Discovery of rare white raven spurs calls to preserve its body
“It would be a huge loss if the raven is thrown out or eaten, because it is so rare”
The discovery of a white raven in Greenland has attracted widespread attention, along with calls for the now-deceased animal’s remains to be preserved in a Danish museum.
Greenland’s leading newspaper Sermitsiaq reported Nov. 13 that a rare white raven was shot and killed in the village of Ikerasaarsuk in western Greenland.
“Tulukkat qaqortippata,” a Greenlandic expression which means “when ravens turn white” is similar to the English expression “when pigs fly,” a metaphoric figure of speech that describes a virtual impossibility.
Knud Flensted with the Danish Ornithological Society called the discovery of the white bird “very interesting,” asking for the bird’s body to be handed over to the Greenland Institute of Natural Resources or Denmark’s zoological museum in Copenhagen.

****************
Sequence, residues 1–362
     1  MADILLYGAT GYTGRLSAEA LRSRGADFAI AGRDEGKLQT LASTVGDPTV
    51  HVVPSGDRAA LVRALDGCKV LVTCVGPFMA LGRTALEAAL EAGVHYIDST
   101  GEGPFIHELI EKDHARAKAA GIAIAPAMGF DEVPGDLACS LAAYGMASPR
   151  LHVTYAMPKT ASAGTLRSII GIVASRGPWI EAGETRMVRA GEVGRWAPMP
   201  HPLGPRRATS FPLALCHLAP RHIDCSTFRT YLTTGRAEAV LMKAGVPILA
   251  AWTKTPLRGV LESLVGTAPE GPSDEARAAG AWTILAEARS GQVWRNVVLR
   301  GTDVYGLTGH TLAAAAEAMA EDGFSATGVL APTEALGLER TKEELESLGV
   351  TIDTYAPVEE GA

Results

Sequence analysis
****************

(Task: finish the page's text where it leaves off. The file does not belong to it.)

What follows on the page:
“It would be a huge loss if the raven is thrown out or eaten, because it is so rare,” Flensted told Sermitsiaq. “We want to see it preserved.”
Flensted told the newspaper that the white raven is not actually considered an albino; if it were, the bird would be pure white with pink eyes.
The raven killed in Ikerasaarsuk is a creamy white colour with brownish feathers under the wings with red eyes, which Flensted referred to instead as “ino,” adding that most “ino” birds are almost always female.
Hans Japhet Filippussen discovered the white raven in Ikerasaarsuk Nov. 13.
It’s not clear why the man shot the bird, but Filippussen told Sermitsiaq that the animal’s body was being frozen while the community decides what to do with it.
Photos of the white raven posted to Nunatsiaq News’ Facebook page have elicited strong reactions.
Many criticized the decision to shoot the animal; others called it “white spirit bird” and said its presence signaled a spiritual or religious event, like the second coming of Christ.